Conversations at the AAC&U Annual Conference
Instructional Quality and Data-Informed Decision Making
Academic conferences serve so many purposes. The organizer hopes to drive a new agenda for its community. Attendees network and learn from each other. And as a company, we too, gain so much from the conversations – hearing firsthand what is on the minds of the institutions we serve.
Last week’s AAC&U Annual Conference was terrific. Members of our team attended sessions throughout the conference. We had a great time introducing the work of Faculty Guild to so many higher education leaders who represent liberal arts institutions across the country. The feedback on our reimagined approach to faculty development was inspiring.
One afternoon, I walked around the conference asking nearly a dozen attendees two questions:
On a scale of 1-10, how important is improving instructional quality to your institution, and can you give some examples of how you are accomplishing that?
On a scale of 1-10, how important is improving data-informed decision making to your institution, and can you give some examples of how you are accomplishing that?
While admittedly non-scientific, here are some things I heard in response.
Most people believe improving teaching is very important to their institution (scoring an 8 to 10). The institutions with high student persistence and graduation statistics acknowledged that they were operating from a place of existing strength.
Most people believe that improving data-informed decision making is as important or more important (scoring a 9 to 10).
Some research universities stated that research was clearly the most important institutional priority and that therefore teaching was less important (scoring a 4 to 6), but this was not universal. Some research universities stated it’s a high priority.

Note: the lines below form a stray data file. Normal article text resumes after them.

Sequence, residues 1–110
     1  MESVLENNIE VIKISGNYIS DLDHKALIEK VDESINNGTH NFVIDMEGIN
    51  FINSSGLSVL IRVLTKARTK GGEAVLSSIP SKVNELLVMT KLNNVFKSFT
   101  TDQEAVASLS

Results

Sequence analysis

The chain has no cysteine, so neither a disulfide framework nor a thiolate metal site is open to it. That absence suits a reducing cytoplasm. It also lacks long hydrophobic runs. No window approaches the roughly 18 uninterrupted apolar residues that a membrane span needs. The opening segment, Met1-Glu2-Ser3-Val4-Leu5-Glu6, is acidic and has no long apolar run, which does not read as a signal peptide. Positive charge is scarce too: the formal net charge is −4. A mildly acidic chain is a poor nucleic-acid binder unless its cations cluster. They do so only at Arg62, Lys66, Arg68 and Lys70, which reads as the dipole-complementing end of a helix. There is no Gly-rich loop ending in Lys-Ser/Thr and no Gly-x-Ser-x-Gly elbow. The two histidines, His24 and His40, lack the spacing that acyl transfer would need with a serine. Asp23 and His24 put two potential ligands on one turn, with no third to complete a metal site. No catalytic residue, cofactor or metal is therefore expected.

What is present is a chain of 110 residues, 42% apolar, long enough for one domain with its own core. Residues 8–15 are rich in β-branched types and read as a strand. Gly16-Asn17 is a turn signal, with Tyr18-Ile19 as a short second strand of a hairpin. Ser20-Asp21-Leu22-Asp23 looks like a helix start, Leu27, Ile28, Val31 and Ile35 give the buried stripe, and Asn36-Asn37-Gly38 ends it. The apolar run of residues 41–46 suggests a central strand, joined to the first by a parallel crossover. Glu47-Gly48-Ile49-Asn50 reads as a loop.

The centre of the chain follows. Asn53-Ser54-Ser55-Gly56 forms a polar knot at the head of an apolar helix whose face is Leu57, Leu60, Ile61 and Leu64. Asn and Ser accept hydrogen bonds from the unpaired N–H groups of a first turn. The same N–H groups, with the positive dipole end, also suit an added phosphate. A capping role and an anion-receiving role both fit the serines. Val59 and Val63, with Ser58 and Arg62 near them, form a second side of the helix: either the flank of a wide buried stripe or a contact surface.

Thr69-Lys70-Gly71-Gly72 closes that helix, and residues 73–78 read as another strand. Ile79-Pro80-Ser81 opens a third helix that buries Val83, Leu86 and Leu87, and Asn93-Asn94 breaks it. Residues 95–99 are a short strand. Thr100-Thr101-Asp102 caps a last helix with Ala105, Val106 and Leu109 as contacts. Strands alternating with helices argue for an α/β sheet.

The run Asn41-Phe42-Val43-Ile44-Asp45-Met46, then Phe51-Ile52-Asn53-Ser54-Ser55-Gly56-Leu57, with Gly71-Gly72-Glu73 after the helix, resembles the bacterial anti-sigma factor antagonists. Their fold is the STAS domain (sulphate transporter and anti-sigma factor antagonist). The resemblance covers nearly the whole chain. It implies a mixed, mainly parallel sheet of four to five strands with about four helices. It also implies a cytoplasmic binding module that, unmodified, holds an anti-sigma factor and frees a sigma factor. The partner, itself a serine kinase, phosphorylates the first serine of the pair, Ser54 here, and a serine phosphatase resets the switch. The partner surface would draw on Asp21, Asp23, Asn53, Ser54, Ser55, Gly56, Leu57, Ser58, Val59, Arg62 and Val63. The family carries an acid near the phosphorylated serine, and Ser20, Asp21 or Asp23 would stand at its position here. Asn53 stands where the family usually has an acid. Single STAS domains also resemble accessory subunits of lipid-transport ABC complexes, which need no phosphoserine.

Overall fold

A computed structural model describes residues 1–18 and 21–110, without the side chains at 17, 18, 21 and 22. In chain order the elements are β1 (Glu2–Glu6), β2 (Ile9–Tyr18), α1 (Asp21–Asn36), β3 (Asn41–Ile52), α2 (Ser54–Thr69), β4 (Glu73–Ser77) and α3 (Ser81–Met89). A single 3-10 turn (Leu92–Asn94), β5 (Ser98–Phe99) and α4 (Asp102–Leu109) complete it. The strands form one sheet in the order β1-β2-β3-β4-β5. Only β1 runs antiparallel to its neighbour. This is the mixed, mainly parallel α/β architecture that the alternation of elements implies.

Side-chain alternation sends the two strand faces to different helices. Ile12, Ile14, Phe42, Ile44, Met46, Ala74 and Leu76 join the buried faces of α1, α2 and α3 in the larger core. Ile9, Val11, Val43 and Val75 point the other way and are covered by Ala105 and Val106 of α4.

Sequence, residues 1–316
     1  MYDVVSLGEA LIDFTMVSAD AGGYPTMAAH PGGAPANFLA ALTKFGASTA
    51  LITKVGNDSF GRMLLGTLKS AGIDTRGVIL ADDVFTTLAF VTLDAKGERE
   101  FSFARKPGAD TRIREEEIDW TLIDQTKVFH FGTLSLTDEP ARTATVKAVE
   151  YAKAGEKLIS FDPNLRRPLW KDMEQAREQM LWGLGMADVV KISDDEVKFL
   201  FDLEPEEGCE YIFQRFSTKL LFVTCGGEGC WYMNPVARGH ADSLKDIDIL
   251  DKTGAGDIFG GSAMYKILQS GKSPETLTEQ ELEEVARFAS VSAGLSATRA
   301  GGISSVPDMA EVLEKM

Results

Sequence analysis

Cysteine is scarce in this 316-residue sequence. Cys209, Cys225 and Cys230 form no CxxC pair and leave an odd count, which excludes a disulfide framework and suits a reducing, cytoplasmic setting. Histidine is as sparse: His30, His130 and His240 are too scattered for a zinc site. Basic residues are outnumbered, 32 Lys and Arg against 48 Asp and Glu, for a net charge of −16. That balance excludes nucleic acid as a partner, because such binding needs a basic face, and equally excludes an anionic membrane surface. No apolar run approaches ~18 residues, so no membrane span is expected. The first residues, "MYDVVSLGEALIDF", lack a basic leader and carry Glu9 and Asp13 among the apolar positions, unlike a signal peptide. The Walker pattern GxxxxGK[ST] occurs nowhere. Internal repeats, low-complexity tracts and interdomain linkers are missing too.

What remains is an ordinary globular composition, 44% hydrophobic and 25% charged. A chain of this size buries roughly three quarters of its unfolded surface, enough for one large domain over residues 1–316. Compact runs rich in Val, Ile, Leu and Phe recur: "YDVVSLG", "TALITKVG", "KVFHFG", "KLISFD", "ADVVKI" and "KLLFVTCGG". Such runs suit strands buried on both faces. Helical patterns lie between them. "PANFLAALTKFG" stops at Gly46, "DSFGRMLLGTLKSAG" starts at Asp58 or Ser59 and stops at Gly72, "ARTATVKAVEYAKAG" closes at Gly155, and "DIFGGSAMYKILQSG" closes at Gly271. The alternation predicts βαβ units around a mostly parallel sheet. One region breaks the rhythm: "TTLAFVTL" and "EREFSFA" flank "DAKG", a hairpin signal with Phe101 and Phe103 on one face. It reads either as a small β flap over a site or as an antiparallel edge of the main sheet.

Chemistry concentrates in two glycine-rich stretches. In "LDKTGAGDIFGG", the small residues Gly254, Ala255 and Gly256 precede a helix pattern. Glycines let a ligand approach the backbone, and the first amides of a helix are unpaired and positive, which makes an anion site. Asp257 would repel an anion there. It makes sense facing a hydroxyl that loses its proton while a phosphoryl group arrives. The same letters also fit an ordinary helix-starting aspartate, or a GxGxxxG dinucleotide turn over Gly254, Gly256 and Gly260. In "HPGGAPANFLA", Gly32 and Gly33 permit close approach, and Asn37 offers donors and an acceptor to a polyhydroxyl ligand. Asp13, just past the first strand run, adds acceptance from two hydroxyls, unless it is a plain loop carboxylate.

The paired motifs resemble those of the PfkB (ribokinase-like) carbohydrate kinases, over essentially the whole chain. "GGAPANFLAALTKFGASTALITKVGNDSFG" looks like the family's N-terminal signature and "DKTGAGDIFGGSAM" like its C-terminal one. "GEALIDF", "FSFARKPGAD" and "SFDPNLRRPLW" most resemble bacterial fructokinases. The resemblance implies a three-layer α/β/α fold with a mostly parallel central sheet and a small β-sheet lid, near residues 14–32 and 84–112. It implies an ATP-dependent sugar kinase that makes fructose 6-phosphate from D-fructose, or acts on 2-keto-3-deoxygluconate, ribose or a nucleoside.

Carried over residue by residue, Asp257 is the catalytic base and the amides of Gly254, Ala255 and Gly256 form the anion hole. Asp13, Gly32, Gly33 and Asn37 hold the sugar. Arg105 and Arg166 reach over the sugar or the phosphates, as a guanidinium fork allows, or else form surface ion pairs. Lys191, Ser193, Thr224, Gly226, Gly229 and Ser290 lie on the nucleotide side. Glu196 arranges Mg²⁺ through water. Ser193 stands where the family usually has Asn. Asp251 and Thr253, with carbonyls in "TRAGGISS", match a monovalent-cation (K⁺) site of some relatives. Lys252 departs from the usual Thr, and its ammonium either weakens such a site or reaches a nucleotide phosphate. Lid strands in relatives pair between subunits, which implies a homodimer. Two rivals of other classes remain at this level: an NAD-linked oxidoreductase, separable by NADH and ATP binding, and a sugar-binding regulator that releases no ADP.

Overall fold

I was impressed that faculty, chairs/deans, student support and executive leadership generally provided similar responses, showing that these institutions are programming the culture properly.
Most people stated they have a teaching center (called a variety of things) whose mission is to improve instructional quality.
There were some institutions, however, that do not have a center or are creating one that was previously shutdown.
A few stated they are starting to assess the professional development work around teaching, but no one could relay measures of their success, either data about changing classroom behavior or improving student outcomes.
A number of institutions were engaged in curriculum reform from connecting classes to program level outcomes, some to college level outcomes and some to implement Guided Pathways.
Innovations and Trends
Faculty motivation came up as a consistent concern when thinking about new ways to engage faculty in their own development. That said, there were some bright spots that may serve as inspiration to others:
Three people indicated they show faculty data about student performance, not just in their class, but longitudinally. A community college in the South has an annual “Data Summit.” One small private college shares data with faculty around high DFW classes.
One institution that expressed financial concerns still provides release time to faculty around concerted efforts to improve instruction. Across the country I hear of many colleges with track records in improvement making investment through release time.
One spoke about how their collective bargaining agreement enables their part-time faculty to more fully benefit from professional development.
A research university said they just moved to faculty having peer observation and feedback on their teaching annually as part of their evaluation system! In our experience, few use this helpful practice and it’s typically every few years per faculty member.
All in all, people at the AAC&U conference know that better teaching leads to better student outcomes. From our conversations, including our fun survey, they aren’t all clear on how to get faculty to adopt these practices or measure that they are working. Teaching centers are a key part of the solution, but models of success with strong metrics aren’t well known or clearly communicated across campus. Luckily, Faculty Guild has some experience in this. If you are interested in learning more, contact us today.